Osborne broadband pledge a drop in the ocean

Chancellor George Gideon Osborne has announced £100 million to go on broadband improvements as part of a range of infrastructure projects.

Gideon has earmarked £5 billion in spending to improve the UK’s infrastructure in a bid to get the country back into shape after more financial misery. £100 million go to four British capital cities -London, Edinburgh, Belfast and Cardiff – to match broadband to the level of other countries across the world. Another six will also be announced at a later date.

Operators, Gideon says, will be able to bid for the cash to fill up urban areas where the connectivity falls short.

Of course, with the 4G rollout still ambling along in no real hurry, we reckon a kick up the arse for communications minister Ed Vaizey to speed up proceedings might be an equally good idea, and less expensive too.

Osborne hopes the cash will boost broadband to speeds as high as 100 megabits per second.  According to the BBC the current average broadband speed in the UK is just 6.8Mbps.

If Vaizey has been hesitant to push for faster speeds, Osborne is attempting to placate the denizens of another crippled European country with quicker means to torrenting films they can’t afford to buy.

Andrew Ferguson, of Thinkbroadband, reckons that the promises won’t amount to much. The pledge, Ferguson suggests, is a drop in the ocean compared to what’s needed.

“The announcement is far from positive,” he told TechEye, “over £3 billion by Openreach, virgin Media and others is already being invested in the cities.”
Ferguson believes the pot will noly help to “infill” areas of a city that aren’t getting great service under the current system. “No way will it provide full fibre over a few hundred thousand premises. 4G will happen and the cities will benefit first mainly. It will give better speeds but smartphones and video services look set to eat up data allowances very fast.”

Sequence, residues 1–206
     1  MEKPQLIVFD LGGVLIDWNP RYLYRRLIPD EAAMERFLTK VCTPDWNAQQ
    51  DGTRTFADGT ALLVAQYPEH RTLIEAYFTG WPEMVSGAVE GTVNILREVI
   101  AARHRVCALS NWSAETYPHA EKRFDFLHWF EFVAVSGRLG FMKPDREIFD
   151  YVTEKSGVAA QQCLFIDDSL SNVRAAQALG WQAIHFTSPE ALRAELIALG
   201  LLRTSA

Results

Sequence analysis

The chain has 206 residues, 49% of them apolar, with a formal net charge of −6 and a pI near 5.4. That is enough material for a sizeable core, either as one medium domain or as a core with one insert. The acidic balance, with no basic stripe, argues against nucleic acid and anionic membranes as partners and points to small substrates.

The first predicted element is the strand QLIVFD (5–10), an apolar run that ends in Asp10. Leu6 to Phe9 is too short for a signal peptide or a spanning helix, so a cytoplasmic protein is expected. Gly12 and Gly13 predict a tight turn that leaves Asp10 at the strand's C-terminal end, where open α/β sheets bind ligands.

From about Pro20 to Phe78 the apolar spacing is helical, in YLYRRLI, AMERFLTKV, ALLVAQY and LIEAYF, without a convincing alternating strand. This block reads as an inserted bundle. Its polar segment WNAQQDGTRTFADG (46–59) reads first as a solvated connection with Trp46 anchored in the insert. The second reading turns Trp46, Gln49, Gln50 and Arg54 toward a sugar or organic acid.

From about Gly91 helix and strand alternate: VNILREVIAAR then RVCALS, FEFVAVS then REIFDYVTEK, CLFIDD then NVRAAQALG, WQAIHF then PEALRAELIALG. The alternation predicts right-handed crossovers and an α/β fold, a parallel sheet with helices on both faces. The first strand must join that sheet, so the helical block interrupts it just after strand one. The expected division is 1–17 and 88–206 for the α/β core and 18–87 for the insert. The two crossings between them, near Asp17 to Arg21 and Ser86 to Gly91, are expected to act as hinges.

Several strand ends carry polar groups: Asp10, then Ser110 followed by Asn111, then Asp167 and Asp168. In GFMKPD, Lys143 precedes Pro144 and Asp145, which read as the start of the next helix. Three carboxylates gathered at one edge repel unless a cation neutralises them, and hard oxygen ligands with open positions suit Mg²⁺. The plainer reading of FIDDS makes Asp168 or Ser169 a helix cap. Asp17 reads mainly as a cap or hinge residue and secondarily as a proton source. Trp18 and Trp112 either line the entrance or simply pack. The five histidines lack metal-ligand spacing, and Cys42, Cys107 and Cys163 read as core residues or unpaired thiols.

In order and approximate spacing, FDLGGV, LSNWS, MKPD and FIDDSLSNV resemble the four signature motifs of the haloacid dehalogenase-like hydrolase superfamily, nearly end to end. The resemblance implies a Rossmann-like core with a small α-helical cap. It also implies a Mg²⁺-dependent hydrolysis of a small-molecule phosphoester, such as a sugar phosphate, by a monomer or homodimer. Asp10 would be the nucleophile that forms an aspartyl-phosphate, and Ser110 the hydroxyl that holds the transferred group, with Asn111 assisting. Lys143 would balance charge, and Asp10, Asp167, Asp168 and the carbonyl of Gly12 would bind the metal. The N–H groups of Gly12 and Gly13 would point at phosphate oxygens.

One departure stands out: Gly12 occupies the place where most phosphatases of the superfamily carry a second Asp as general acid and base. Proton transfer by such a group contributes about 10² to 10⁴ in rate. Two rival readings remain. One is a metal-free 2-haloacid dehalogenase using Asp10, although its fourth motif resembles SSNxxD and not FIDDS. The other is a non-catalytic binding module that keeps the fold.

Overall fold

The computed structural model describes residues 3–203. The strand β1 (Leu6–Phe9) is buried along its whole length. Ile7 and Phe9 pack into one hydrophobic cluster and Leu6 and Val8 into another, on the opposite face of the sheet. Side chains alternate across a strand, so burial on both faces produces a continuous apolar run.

“Market towns and villages are set to benefit from the Broadband Delivery UK funding, but as we have seen for some parts of the UK the grand aims may be less exciting,” according to Ferguson. “For example, just a subsidy voucher for a two way satellite service.”

According to mobile expert Ernest Doku at uSwitch, it’s vital that more goes in the kitty to bolster broadband speeds if the UK is to keep up with other nations. More could be done, he says, to ensure that rural areas can get even the most basic speeds.

“It’s encouraging to see that the government is pledging to improve broadband services across the UK,” Doku told TechEye. “Britain’s infrastructure is in need of rejuvenation, so to see that the delivery of a super-fast network to the majority of the UK population is a key element in the Chancellor’s plans is heartening.

Doku highlighted where the UK sits compared to the rest of the world: “The UK currently sits behind Japan, most of Europe and the US in terms of average speeds, which is really not good enough.

“Fast, reliable broadband is now a necessity for companies all across the UK, not just within the biggest cities.”

For a party that claims to promote small business and enterprise, the Coalition should reconsider where the land lies at the moment, says Doku: “There are still ‘broadband blackspots’ across the country, which is crippling some small businesses who are lucky to see even the most sluggish speeds.”

“Although there is £100million earmarked for improving the broadband network in London and other major UK cities,” Doku told us, “bringing an appreciable average speed to those in rural areas who have been forever languishing in the slow lane must be of equal importance.”